7 Essential Questionnaires for Hand, Wrist and Finger Injuries | Hand Therapy
Clinical questionnaires and scales serve as excellent tools that enable us to facilitate a critical aspect of treating wrist, hand, and finger pathologies or injuries: monitoring and assessing progress and clinical outcomes.
Constantly monitoring and objectively assessing the progression of injuries and pathologies such as distal radius fracture, carpal tunnel syndrome, thumb basal joint arthritis, or recently operated Dupuytren’s contracture enables us to optimize our treatment and make clinical decisions in Hand Therapy, or even consider Hand Surgery.
Currently, it exist hundreds of clinical questionnaires and scales available, but only a few have been validated through scientific studies and designed by experts in the field. The fact that seasoned professionals in Hand Surgery and Hand Therapy have developed these scales allows us to enhance our patient interviews and assessments.
Furthermore, these scales can be used not only in paper form but are also available in digital formats on digital platforms to streamline processing and transmission. This is where telemedicine and telerehabilitation come into play, simplifying monitoring using just a laptop or computer.
Did you know that proper patient progress monitoring promotes treatment adherence? 👇
For all of this, we’ve condensed in this post the 7️⃣ most commonly used Clinical Questionnaires in scientific literature for hand therapy and rehabilitation.
1️⃣ Disabilities of the Arm, Shoulder and Hand (DASH) Questionnaire
Among the most commonly used questionnaires in scientific literature is the DASH questionnaire. This scale is a patient self-administered questionnaire widely utilized in musculoskeletal disorders of the upper limb. Specifically, it assesses the function of the upper limb and any clinical changes associated with an intervention in the past week.
It consists of a total of 6 subscales comprising a total of 30 questions:
1) Activities of Daily Living (21 items)
2) Social Activities (1 item)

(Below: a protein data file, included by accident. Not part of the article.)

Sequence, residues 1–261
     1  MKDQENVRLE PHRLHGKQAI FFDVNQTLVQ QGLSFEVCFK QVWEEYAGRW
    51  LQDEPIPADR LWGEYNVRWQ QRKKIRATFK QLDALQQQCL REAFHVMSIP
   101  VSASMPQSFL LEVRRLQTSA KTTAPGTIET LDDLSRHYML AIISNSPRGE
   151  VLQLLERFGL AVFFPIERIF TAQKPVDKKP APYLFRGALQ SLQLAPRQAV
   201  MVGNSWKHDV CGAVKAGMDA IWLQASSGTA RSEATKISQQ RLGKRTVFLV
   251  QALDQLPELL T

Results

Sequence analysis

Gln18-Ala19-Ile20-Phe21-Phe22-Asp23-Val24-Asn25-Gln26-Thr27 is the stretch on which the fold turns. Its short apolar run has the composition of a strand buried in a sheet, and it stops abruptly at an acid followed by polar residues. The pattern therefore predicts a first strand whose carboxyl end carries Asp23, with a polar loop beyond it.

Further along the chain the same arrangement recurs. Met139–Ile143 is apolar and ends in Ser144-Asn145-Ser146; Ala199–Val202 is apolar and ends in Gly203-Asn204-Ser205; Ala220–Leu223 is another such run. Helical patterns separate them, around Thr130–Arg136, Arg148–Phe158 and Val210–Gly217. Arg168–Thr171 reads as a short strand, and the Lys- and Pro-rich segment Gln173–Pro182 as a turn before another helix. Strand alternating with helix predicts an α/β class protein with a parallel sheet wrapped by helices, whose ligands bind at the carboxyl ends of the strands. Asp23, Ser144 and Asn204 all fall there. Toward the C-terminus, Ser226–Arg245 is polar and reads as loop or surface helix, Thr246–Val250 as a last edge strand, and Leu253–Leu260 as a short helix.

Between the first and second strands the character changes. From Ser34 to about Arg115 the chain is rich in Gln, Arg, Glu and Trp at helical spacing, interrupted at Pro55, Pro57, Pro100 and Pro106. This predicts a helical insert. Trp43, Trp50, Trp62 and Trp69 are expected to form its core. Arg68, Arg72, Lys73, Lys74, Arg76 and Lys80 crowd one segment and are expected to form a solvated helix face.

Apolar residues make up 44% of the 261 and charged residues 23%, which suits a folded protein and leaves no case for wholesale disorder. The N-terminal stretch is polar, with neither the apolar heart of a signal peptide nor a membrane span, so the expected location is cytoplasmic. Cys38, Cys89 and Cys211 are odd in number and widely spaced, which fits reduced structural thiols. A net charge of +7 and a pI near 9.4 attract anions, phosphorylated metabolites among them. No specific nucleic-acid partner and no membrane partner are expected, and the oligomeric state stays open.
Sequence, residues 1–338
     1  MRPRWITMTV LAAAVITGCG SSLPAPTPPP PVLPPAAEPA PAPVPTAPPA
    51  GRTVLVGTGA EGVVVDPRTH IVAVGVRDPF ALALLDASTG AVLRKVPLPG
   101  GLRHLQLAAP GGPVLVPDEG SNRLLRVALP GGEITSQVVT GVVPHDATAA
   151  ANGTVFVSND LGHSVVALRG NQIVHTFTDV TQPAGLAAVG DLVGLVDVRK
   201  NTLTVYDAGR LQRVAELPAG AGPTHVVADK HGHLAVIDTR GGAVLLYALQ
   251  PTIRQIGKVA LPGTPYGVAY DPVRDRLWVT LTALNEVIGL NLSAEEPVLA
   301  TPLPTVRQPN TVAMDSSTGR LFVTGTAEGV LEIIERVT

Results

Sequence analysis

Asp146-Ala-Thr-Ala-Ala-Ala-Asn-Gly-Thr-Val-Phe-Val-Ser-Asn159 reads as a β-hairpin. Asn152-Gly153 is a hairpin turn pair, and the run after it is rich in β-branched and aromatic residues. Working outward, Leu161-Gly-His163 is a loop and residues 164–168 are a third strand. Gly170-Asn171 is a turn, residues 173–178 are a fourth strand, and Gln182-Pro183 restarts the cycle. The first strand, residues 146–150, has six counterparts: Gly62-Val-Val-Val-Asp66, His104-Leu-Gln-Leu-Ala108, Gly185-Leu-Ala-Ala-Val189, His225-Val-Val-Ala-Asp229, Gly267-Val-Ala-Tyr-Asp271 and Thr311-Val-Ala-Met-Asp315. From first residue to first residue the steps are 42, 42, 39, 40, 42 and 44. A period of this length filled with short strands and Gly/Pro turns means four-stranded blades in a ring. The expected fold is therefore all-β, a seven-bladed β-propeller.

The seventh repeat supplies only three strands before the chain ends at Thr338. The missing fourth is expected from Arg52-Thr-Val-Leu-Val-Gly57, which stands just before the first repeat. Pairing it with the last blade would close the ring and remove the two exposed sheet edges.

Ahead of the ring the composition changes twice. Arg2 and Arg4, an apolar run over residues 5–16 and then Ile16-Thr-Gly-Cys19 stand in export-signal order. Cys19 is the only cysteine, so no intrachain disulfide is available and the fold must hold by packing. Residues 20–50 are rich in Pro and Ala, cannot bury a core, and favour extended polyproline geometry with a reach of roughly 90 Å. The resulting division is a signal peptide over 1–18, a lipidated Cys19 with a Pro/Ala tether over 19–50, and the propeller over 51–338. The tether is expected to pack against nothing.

3) Work Activities (1 item)
4) Symptoms (5 items)
5) Sleep (1 item)
6) Confidence (1 item)
Additionally, it has a total of 2 optional modules: 1) Sports/Hobbies (4 items) and 2) Work (4 items).
There are 5 response options for each item, ranging from 1 (no difficulty, no symptoms, or no impact) to 5 (unable to perform, very severe symptoms, or high impact), and the overall score ranges from 0-100.
The DASH questionnaire is one of the most extensively studied, with notable psychometric values.
Based on a 2014 study, a MCID (Minimal Clinically Important Difference) of 10.83 points was calculated for a moderate improvement in the DASH questionnaire (Franchignoni F et al 2014).
I´’m leaving you the link to the original article of the DASH scale.
2️⃣ QuickDASH Questionnaire
The QuickDASH questionnaire is a shortened version of the DASH questionnaire.
It includes a total of 5 subscales comprising a total of 11 items:
1) Activities of Daily Living (5 items)
2) Social and Work Activities (2 items)
3) Recreational Activities (1 item)
4) Severity of Symptoms (2 items)
5) Sleep (1 item)
It also has a total of 2 optional modules: 1) Sports/Hobbies (4 items) and 2) Work (4 items).
It employs the same 5-point Likert scale (1-5) to yield a final score of 0-100, where a higher score corresponds to greater functional limitation. To obtain the final raw score, a minimum of 10 out of 11 items must be answered.
Based on a 2014 study, a Minimal Clinically Important Difference (MCID) of 15.91 points was calculated for a moderate improvement in the QuickDASH (Franchignoni F et al 2014).
I’m leaving you the link to the original article of the QuicKDASH Questionnaire.